KN: We did have two or three dresses that I really had a hard time cutting into. They were too beautiful and too well tailored, and you could tell that they were very expensive for their time. One dress that came through was over 100 years old. The fabric was falling apart, and it was all silk. so I had to find new silk that matched the old silk. I had to dye it and enzyme-wash it so it had a vintage effect. Just all kinds of processes that you have to go through with these super old dresses that people don’t really take into account. And then they’re so pretty and so unique and so one-of-a-kind. They weren’t off the rack. They were made by someone already. So there were two or three that I did have a hard time cutting into. But the result was beautiful, and generally those dresses were chosen by the bride.

The ’80s dresses were fun — you know, “What can I do with this big ol’ pile of satin?”  But the older dresses, I was so honored that they would trust me, that they would let me have this dress in my possession and do whatever I saw fit.

CGM: How much time did you have to recreate these dresses?

KN: Sometimes only 24 hours. It was tough! The most time I had on one dress was maybe 48 hours. So you’re trying to crank these things out and you’re working fast, but you have to be diligent and you have to be really careful that you’re not messing something up, because you only get one shot.

The majority of my time was spent on the plan and on the deconstruction. Because putting a garment together is easy — it’s not rocket science in my world. But the plan and the deconstruction of the dress and making sure that you don’t rip any of the lace or mess up any of the fabric, that’s what takes the most time.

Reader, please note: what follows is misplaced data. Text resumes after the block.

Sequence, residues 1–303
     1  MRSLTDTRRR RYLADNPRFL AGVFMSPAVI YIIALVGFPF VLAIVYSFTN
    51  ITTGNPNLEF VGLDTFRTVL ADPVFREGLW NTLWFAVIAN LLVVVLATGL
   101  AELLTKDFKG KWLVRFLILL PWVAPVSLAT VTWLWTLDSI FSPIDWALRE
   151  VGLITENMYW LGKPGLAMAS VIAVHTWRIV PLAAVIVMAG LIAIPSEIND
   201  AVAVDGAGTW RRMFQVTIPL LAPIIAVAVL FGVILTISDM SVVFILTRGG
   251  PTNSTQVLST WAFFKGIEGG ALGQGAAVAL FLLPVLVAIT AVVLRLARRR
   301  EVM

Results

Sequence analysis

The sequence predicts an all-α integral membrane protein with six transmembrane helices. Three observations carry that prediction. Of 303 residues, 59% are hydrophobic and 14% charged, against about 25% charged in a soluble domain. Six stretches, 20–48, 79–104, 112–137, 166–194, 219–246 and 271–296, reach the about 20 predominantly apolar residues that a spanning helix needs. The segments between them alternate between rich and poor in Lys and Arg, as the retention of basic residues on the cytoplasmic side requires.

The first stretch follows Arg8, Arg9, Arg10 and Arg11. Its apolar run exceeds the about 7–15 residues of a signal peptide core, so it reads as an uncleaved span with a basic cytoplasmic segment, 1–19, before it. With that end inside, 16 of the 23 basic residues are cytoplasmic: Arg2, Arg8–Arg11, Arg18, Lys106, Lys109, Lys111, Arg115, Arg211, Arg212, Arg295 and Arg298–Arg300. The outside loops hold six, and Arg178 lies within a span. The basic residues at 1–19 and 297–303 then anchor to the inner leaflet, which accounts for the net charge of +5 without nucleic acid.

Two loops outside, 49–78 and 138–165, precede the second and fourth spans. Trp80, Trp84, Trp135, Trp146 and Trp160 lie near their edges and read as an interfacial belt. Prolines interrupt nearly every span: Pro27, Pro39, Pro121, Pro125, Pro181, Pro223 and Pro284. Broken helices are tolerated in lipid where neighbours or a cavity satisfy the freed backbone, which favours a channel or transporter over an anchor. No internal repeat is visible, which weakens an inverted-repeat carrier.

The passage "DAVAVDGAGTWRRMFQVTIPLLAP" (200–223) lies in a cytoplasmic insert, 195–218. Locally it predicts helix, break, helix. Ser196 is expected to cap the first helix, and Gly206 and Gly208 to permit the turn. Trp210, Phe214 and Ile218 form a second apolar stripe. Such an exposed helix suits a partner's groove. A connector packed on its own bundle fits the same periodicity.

CGM: Were you and Sam genuinely happy for each other when the brides chose your gown over the other’s or was there some friendly rivalry?

KN: I feel like there was one time where I was really disappointed that she didn’t choose my dress. But for the most part, the brides ultimately made the right decision. Sometimes, even though I was really proud of my work and I did the best that I could have been done with that dress, I still liked Sam’s dress better on her, because I felt it was more appropriate for what she really in her heart wanted. So I thought the brides always made the right decision and of course I just love Sam to death, so I was always excited when he won. And of course I was excited when I won as well. But I believe there was only one bride where I thought to myself, “Nope, you made the wrong decision.”

But every single time, whether they chose the dress or not, the brides were really surprised at the transformation of the dress.

CGM: Are you prepared to hear from a deluge of brides who want their loved ones’ dresses made into something new? You maybe need to repurpose your career, as well …

KN: I’ve already started getting emails!

Something Borrowed, Something New premieres Friday, February 8 at 10|9CT on TLC.

About Lori Acken

Lori just hasn't been the same since "thirtysomething" and "Northern Exposure" went off the air.
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One Response to Channel Guide interviews Kelly Nishimoto of Something Borrowed, Something New on TLC!

  1. jo says:

    mariebela something borrowed something new. i was watching the show and stepped out of the room and missed which dress she ended up keeping. how can i find that out?